Government proposals for radical simplification of the basic state pension have been broadly welcomed by the industry.
The Department for Work and Pensions confirmed on Monday plans to publish a green paper targeting “a simple, decent state pension for future pensioners”. The paper is expected in November this year.
Hymans Robertson head of public sector John Wright says a universal state benefit of around £140 per week, the figure the DWP is expected to propose, could be “another piece in the jigsaw” of pension reform.
He says: “With a universal pension, every pound you save is a pound worth saving, which should help the Government promoting automatic enrolment and Nest to the general public. It should also help encourage private sector workers to save.”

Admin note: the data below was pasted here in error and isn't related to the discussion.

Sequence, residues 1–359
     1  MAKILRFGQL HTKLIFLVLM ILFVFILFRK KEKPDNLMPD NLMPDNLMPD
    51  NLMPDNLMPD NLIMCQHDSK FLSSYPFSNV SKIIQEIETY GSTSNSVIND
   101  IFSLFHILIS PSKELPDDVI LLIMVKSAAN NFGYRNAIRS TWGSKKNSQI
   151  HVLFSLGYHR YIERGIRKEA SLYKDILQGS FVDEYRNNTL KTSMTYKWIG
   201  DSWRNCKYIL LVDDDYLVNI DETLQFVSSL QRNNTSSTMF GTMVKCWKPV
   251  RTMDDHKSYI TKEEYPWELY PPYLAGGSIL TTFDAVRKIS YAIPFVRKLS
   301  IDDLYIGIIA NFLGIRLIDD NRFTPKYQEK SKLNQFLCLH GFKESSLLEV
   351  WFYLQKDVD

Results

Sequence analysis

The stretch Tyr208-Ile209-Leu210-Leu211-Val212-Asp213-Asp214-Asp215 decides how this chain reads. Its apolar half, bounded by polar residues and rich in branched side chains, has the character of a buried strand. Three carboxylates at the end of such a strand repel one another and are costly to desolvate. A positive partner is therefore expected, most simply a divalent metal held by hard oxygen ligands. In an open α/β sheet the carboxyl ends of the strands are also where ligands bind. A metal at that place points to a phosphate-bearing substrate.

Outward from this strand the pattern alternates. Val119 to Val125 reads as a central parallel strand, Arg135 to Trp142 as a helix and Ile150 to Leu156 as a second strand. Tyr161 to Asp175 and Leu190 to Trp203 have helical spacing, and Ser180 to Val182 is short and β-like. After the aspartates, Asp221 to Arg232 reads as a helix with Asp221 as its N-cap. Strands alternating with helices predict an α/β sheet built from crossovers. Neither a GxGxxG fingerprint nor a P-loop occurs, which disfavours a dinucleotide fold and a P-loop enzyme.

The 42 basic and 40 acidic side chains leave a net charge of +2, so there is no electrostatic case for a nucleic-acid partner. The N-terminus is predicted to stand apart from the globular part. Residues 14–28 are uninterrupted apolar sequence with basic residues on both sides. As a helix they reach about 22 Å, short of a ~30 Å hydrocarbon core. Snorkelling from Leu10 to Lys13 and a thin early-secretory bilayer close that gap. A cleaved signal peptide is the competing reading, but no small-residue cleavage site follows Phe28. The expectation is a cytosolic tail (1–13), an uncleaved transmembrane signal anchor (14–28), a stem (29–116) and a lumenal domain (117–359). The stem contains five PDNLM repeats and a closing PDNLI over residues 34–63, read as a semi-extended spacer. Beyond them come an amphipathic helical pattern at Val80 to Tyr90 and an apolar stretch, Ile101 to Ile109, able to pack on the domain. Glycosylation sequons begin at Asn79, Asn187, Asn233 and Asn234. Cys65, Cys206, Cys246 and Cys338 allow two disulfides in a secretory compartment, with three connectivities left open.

“When we see the whole package of things going on at the moment, it is all very joined up.”
The National Association of Pension Funds, which has long advocated a higher state pension for all, says the change is “long overdue”.
Chief executive Joanne Segars says: “The UK’s state pension system is the worst in Europe, and we really need a simpler, fairer and more generous system. Retirement ages are heading upwards, and the trade-off for having to work longer must be a better state pension.
“A clearer, flat-rate state pension would provide much-needed certainty to savers and pensioners, and would cut bureaucratic red tape. Women who are short-changed by the current system stand to get a much better deal.”